Sorry, Sir! We don’t serve on table…

So one of my dear friends managed to fractured his ankle recently. You know how that feels. I certainly do. It sucks. His new uniform is a plastered leg wrapped in a blue sleeve, crutches and a lot of pain (it’s much better now though)! (Sure, he puts on clothes when he gets out of his room. Thankfully!)

He and I went to a Starbucks near his place. I felt like giving him a break from his work and his makeshift office — his bedroom.

We ordered our standard tall Americanos. I picked it up from the counter while my friend settled on a leather couch at the corner table. The patrons before us had leftovers for us to stare at. So we called for one of the crew members to help us clean the table.

This friendly (seemingly) employee came over and cleaned our table and the one next to us. My friend had his unmistakably blue plastered foot placed on the leather sofa and his crutch next to it.

I placed our tray on the cleaned table and just then my friend instinctively looked at the crew member and asked if she can help him with a glass of water.

The reply was short: “Sir, you will need to pick it up from the counter.”

And off she went!

My friend and I looked at each other. Stunned! What the hell just happened? Could she have missed the plastered foot? What about the crutch?

I’m not sure how that is possible. Nonetheless, we were stung. And were sore. We didn’t talk about it then. Just sipped on to our favorite cup of java. And pondered.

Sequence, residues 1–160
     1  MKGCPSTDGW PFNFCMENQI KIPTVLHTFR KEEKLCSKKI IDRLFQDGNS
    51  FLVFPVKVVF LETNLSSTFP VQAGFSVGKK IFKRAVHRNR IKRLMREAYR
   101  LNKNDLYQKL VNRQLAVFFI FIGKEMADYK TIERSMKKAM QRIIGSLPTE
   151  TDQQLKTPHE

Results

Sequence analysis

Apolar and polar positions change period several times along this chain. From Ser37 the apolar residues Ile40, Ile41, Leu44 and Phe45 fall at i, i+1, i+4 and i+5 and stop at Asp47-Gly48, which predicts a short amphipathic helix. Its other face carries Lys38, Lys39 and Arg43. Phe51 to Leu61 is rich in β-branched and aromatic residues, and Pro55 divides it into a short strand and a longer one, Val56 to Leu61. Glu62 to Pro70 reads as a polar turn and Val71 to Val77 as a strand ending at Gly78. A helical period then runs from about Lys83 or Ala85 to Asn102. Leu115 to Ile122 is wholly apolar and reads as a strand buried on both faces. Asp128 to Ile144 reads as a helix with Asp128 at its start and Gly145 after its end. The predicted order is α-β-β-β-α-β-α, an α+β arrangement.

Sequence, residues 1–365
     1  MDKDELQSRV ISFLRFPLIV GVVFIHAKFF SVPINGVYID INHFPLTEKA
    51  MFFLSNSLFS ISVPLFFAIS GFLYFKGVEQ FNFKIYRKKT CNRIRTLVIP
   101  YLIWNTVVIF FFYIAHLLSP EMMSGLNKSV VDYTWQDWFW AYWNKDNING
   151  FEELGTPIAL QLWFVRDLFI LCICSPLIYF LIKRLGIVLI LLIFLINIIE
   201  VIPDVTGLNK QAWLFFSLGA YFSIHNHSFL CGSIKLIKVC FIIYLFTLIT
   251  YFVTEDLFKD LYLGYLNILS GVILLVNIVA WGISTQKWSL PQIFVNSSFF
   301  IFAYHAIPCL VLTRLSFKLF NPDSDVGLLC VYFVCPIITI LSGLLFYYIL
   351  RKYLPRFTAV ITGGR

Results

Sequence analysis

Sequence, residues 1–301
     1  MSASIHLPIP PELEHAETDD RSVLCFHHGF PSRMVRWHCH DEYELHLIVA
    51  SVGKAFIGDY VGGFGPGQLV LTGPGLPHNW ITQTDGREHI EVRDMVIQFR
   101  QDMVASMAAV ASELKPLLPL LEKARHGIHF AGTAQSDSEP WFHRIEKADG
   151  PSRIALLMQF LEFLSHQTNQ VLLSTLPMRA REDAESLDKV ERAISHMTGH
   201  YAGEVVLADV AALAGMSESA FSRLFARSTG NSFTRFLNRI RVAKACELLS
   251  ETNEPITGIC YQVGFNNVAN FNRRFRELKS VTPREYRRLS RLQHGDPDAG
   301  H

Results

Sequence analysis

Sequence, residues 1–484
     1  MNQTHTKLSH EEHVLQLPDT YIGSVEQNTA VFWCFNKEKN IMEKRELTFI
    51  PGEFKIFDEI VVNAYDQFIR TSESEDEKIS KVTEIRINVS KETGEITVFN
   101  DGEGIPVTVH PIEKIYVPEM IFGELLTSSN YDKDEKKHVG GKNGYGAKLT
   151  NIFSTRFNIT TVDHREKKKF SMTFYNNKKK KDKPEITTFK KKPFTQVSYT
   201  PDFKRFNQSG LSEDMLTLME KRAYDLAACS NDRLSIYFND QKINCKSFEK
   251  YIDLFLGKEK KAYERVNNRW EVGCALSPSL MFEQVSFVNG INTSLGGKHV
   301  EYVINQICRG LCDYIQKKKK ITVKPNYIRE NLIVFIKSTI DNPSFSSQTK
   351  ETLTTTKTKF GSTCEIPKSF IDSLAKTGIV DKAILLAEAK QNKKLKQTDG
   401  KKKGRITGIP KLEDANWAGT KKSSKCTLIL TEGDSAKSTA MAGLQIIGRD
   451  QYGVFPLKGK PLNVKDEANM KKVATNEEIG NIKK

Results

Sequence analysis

It’s been a couple of days since and I still can’t seem to get it out of my head. Imagine how hard would it be for people to experience such rudeness. Sure, we get into situations like that every day… but not a place like Starbucks.

We could have reacted to the comment or escalated it to the manager for him to take further action. But we just finished our coffee and left.

You may have had a bad day at work or home but that does not give you the right to treat your customers like that. That is inexcusable. This crew member wasn’t the only person to have treated her customer badly. Millions of customer service representatives around the world make this mistake.

They get emotional and react. And the customers are too stunned to react or respond. They just leave.

The key is to remember that nobody has the time or inclination to take matters into their own hands. It’s not their battle to fight. They’ve got better and probably bigger things to do. The easier decision for them to make is to leave.

Are your customers leaving you?



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